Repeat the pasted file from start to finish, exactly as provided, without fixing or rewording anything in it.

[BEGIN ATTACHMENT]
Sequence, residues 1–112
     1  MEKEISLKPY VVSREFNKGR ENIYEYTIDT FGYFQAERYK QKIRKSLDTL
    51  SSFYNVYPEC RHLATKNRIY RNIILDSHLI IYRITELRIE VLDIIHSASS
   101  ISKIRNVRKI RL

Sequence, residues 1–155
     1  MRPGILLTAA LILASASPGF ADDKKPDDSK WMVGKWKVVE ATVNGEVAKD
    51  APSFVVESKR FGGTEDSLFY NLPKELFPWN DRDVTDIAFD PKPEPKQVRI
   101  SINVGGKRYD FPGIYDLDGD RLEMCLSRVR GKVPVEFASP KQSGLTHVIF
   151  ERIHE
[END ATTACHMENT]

Sequence, residues 1–112
     1  MEKEISLKPY VVSREFNKGR ENIYEYTIDT FGYFQAERYK QKIRKSLDTL
    51  SSFYNVYPEC RHLATKNRIY RNIILDSHLI IYRITELRIE VLDIIHSASS
   101  ISKIRNVRKI RL

Sequence, residues 1–155
     1  MRPGILLTAA LILASASPGF ADDKKPDDSK WMVGKWKVVE ATVNGEVAKD
    51  APSFVVESKR FGGTEDSLFY NLPKELFPWN DRDVTDIAFD PKPEPKQVRI
   101  SINVGGKRYD FPGIYDLDGD RLEMCLSRVR GKVPVEFASP KQSGLTHVIF
   151  ERIHE